A LUT or Lookup Table is a wonderful little file that can alter the colors of our videos in amazing different ways. Simply out, they are color presets or filters, just like the ones you out on your Instagram photos. LUT’s can be used to conform a flat log image to a neutral look or to create specific looks. LUT's are a great way to speed up your colour grading process, what could take you multiple hours or even days can now be done in a matter of seconds thanks to LUT's.
Editing video projects requires organisation, stamina, concentration, and endurance. In this tutorial, learn how to maximise your workflow.
There are a thousand ways you can throw off your workflow and make video editing more difficult — these mostly involve disorganisation or inefficient techniques. In this video tutorial, I’ll go over a few ways to keep things quick and effective.
Let’s get started.
1. Learn Your Footage
Knowing everything about what you have to work with is incredibly valuable when it comes to assembling a timeline. Go through every clip and analyse its content. You can do this by putting them in a single timeline and pulling out your favourites.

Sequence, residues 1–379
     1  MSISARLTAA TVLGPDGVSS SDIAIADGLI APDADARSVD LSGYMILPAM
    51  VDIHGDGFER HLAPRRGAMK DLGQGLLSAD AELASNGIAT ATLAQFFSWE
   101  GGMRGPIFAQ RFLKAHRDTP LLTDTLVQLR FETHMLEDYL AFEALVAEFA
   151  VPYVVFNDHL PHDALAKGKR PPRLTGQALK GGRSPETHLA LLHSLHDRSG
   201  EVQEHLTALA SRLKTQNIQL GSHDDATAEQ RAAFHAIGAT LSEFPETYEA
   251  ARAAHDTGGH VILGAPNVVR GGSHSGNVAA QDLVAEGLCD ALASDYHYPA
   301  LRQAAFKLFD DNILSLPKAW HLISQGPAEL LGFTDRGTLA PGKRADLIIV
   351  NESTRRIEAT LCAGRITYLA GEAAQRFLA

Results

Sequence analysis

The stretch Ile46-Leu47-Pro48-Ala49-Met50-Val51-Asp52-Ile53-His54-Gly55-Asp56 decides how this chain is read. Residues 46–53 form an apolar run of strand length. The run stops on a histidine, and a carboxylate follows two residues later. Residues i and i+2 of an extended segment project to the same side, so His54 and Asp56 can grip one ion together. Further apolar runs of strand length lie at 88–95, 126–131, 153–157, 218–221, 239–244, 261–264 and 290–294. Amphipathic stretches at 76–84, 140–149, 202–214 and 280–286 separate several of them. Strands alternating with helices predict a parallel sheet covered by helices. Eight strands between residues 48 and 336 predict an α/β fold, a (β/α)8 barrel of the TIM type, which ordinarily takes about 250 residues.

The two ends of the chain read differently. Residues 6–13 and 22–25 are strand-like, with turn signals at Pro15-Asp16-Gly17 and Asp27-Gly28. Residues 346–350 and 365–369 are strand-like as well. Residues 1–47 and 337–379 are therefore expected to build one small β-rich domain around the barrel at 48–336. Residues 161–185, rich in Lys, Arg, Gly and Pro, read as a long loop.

A great way to highlight footage you want to work with is to raise your favorite shots to the second track in a new timeline. Then, your next step will be to ripple-edit the remaining shots in the lower track.
Be. Completely. Organised. Label clips that are good or bad — make notes about which parts work and which don’t. Is it a drone shot? Is it an interview clip? Folders, bins, and labeling are key to a fast and successful edit.
(Quick tip: if you change your browser mode to thumbnail, it can speed up your workflow immensely. You can now skim through clips without even clicking them.)
3. Create Proxies
If you’re working with incredibly large files that take forever to process, take the time to create proxies. This may eat up some time at first, but in the long run, it will make your edits way more efficient. Trust me.
4. Reveal in Project
If you’re searching for a clip’s origin, instead of skimming through multiple bins, just right-click and select reveal in project. This can speed up the process of looking for clips, audio, assets, and sequences. You can even select reveal in finder to find the original files on your computer.
5. Low Res
Export low resolution files for feedback. Instead of doing high-res exports that take up space and upload time, create a smaller file. I like to set my export setting to YouTube 1080p then customise my bit rate, change VBR to CBR, then let the export sit in the 6-8 realm.
And there you have it. Some straightforward tips to keep things efficient. While they may seem obvious, take the time to actually apply these ideas, and see what it does for your workflow.
Every film maker at some point films some shaky footage for many reasons. When you come home from a full day of filming, you transfer your footage onto your computer only to find out you have shaky footage. Then you think, 'oh this is going to take me ages to fix', you then sit there to try and fix it or dump it! Now there is a quick way to stablize shaky footage.